From cycle locks to breaded cheese, companies and authorities differ over classification for levying GST : 19-03-2021

Multiple GST slabs and interpretations — both by businesses and government authorities — are ensuring that there is never any shortage of classification problems. At least three cases have been dealt with by various authorities, with companies seeking production interpretations, which in many cases were clear.

Take the case of Dabur NSE -0.12 % odomos, which has been used as a mosquito repellent for years. But the company decided to question its classification as a mosquito repellent, which attract 18% GST, and suggested that it should be classified as a medicament and face a 12% levy.

The Uttar Pradesh Authority for Advance Ruling (AAR), however, rejected the contention, which means that it will face 18% tax. It observed that the product’s odour makes the conditions unattractive for mosquitoes, when it is coated on a human body.

Similarly, a Noida-based company sought a ruling on “breaded cheese”, arguing that it was cheese and should attract 12% tax. Again, it was arguing before the UP AAR. The authority, however, did not accept the plea.


Relying on the definition, it observed that the product should retain its character as cheese even after being coated with batter and bread crumbs and should be partially pre-cooked. “…these are not cheese per se but have converted into an article of cheese having the identity and characteristics of snack foods,” it said. It further added that products made from potato or flour are sold as distinct food items and not as the basic ingredient.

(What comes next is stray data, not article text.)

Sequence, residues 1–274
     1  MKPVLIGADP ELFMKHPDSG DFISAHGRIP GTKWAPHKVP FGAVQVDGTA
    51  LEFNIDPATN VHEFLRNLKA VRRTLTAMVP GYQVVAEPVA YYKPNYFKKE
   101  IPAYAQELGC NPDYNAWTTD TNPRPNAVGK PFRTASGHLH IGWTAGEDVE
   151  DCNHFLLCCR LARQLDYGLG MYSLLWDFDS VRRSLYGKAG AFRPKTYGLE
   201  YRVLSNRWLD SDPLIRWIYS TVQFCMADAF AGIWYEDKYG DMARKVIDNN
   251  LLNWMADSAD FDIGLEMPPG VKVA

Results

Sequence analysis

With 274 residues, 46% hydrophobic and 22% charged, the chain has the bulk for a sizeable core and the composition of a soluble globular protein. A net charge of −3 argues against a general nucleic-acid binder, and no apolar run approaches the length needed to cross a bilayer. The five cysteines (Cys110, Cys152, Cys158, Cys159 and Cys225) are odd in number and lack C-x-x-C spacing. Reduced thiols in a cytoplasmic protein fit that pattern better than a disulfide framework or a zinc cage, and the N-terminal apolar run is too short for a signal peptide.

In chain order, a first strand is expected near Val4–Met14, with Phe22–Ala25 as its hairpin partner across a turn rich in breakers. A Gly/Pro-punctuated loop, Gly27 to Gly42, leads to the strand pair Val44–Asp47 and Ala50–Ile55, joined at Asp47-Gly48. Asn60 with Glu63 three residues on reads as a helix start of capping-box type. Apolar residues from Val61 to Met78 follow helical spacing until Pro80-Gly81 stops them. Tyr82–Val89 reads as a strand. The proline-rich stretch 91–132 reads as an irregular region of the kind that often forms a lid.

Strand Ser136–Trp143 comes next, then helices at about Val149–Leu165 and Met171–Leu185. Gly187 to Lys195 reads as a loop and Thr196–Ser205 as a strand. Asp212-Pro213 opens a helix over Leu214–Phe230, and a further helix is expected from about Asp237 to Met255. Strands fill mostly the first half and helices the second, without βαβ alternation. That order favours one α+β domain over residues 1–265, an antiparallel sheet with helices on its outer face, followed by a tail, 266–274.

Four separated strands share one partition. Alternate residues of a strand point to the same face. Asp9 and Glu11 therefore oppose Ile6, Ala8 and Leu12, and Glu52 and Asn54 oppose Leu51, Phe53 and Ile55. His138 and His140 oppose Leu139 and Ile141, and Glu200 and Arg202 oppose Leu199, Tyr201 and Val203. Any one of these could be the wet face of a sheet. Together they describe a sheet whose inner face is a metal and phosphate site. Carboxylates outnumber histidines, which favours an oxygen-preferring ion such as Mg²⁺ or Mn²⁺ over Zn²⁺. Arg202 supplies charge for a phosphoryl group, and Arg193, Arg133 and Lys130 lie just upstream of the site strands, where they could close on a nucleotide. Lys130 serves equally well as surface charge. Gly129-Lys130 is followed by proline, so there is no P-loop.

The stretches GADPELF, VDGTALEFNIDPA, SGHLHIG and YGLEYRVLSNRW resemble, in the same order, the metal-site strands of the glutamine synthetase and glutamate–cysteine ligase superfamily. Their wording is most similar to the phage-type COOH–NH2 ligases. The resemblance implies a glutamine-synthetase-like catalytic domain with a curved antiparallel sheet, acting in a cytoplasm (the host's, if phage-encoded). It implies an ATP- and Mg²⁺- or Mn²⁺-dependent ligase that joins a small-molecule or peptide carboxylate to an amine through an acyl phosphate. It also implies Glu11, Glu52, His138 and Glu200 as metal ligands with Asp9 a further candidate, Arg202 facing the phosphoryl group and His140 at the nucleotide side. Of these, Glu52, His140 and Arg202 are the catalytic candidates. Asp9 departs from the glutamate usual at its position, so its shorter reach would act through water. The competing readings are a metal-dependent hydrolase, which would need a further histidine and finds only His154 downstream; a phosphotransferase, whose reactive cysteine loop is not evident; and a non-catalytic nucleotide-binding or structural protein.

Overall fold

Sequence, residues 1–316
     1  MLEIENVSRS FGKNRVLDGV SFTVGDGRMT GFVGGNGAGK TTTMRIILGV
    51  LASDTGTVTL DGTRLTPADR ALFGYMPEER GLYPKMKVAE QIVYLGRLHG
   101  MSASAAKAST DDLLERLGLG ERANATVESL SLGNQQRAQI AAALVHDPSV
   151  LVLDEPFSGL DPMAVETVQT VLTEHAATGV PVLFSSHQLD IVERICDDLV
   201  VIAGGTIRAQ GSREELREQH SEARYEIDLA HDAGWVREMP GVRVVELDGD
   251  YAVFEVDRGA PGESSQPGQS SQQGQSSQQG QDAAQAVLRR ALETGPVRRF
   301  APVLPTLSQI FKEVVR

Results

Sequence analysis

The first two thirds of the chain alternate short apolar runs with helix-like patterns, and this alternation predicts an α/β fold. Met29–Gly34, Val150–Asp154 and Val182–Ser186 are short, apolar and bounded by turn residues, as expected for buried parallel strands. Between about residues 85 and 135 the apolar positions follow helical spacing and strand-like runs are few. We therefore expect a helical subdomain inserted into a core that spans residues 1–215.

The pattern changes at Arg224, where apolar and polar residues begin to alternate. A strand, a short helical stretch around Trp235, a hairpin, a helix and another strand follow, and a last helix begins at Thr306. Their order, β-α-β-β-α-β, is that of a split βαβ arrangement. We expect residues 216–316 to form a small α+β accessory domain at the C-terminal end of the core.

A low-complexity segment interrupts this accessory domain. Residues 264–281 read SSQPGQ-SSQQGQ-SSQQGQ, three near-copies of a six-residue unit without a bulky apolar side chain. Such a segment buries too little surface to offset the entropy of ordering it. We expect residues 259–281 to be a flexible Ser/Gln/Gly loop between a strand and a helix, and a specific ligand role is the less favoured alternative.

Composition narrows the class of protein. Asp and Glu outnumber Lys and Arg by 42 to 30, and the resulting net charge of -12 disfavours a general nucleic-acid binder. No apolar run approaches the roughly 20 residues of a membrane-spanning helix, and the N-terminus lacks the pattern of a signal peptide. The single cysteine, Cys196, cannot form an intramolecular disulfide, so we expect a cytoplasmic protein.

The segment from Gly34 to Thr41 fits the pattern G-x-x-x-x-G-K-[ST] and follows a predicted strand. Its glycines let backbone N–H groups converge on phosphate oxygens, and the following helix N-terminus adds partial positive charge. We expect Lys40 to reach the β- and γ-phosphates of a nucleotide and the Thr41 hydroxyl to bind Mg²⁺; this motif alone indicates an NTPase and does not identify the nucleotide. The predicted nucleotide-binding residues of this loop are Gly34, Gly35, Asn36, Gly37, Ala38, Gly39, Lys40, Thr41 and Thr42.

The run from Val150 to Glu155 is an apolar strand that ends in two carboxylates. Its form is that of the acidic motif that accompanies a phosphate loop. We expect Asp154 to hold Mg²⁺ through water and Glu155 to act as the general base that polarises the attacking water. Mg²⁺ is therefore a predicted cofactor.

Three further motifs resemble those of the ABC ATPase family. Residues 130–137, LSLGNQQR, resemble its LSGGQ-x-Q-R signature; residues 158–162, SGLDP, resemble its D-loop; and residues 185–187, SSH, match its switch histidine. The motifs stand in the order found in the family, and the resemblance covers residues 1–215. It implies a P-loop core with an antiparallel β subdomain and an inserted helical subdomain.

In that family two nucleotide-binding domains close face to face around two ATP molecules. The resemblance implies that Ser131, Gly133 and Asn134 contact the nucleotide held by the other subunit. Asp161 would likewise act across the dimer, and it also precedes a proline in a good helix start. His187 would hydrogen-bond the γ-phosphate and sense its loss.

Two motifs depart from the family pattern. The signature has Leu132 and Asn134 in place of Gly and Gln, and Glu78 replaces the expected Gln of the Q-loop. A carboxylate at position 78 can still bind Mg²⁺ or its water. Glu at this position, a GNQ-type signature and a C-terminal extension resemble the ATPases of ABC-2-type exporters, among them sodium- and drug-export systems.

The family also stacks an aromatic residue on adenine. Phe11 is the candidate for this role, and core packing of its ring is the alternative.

Besides, it observed that with 55% content, cheese was a major component but it wasn’t present in a quantity that it pre-dominated or overwhelmed the presence of other ingredients, while rejecting the plea.

In a third case, the bone of contention was whether cycle locks should be treated as parts and accessories of bicycles and are distinct from locks which are used for general purpose.

“More than 400 pages of HSN code book with around 19,000 tariff entries, multiple use of products, dichotomy between usage and key components, technical meaning vs common parlance, specific use vs generic use, etc, are all ingredients for the classification dispute recipe. Around 49 countries use single rate and 28 use dual rates. Having single rate or fewer slabs appears to be the only solution for reducing classification disputes in India,” said Harpreet Singh, partner for indirect taxes at KPMG.

Although the government has ruled out moving to a single rate, fewer slabs is part of the long-term plan. But when exactly will that plan be taken up by the all-powerful GST Council is not quite clear.

Source : Times of India

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